Accountability For Discrimination Against Women in the Philippines: Key Findings and Recommendations From the CEDAW Committee’s Special Inquiry on Reproductive Rights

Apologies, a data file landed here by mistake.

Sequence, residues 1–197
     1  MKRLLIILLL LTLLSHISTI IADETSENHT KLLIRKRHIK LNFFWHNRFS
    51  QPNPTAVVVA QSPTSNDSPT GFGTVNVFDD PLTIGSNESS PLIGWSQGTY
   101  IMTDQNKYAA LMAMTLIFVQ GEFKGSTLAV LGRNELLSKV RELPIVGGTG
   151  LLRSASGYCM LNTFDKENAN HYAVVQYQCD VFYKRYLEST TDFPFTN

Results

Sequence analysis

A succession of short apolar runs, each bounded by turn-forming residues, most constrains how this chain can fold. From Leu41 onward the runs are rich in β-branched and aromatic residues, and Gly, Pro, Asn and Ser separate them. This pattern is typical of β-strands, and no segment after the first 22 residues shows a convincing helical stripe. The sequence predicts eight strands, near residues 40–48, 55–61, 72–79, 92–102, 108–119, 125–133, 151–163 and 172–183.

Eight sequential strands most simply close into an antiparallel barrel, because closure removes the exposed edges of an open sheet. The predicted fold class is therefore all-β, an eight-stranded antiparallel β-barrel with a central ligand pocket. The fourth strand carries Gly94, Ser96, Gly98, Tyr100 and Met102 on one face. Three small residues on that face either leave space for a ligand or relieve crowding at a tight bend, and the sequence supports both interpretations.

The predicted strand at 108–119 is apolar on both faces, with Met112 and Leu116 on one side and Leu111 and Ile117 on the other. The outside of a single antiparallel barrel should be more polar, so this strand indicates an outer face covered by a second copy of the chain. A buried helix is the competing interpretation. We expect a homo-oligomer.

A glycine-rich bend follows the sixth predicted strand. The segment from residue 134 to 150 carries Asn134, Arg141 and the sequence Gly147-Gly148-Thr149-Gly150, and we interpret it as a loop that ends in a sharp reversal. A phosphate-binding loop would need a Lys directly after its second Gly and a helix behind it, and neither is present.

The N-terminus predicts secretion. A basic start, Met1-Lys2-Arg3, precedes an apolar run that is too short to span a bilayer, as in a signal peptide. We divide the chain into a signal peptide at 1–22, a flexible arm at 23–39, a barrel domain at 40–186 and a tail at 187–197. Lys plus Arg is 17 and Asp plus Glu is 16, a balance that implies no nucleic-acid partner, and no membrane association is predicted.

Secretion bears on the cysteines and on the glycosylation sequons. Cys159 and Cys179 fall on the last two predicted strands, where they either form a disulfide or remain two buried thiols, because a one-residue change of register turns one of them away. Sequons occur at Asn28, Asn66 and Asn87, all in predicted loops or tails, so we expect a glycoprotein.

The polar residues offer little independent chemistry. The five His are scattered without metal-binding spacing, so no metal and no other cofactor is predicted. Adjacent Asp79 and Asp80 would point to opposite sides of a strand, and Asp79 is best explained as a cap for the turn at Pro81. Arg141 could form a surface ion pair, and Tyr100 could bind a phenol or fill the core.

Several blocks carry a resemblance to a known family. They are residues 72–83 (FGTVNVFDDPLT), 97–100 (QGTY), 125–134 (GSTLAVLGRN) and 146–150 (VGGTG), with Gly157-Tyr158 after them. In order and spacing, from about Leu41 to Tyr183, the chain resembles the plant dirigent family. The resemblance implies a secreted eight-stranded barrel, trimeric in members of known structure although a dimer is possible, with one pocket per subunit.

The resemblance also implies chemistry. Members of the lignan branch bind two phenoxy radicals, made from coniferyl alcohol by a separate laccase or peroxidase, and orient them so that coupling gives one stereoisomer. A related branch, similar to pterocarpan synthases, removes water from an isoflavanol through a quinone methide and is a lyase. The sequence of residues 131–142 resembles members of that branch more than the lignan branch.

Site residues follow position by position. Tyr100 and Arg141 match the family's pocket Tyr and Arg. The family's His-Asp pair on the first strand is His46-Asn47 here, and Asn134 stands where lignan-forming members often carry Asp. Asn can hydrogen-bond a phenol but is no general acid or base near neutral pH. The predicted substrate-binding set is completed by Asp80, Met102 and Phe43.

For the past 15 years, the Philippine government has allowed a restrictive local ordinance, Executive Order 003 (EO 003),1 to remain in place without any clear revocation, effectively banning modern contraceptives in the City of Manila. As a result, women and girls in Manila have experienced serious risks to their health and lives due to unwanted and unplanned pregnancies and unsafe abortions.2 EO 003 has trapped women in situations of poverty and denied them the ability to pursue educational and employment opportunities.3 In April 2015, the United Nations Committee on the Elimination of Discrimination against Women (the CEDAW Committee), which monitors compliance with the Convention on the Elimination of All Forms of Discrimination against Women (CEDAW), released a groundbreaking report finding the Philippine government accountable for grave and systematic reproductive rights violations as a result of EO 003 and other restrictive measures. The report was the outcome of a special inquiry conducted in the country in November 2012—the first such inquiry conducted by the CEDAW Committee in Asia and on contraceptive access. For women in the Philippines, this report is a momentous step forward in realizing their human rights to equality,4 dignity,5 and health6 as guaranteed under the Philippine Constitution, other domestic laws and policies, and international human rights instruments to which the Philippines is a party.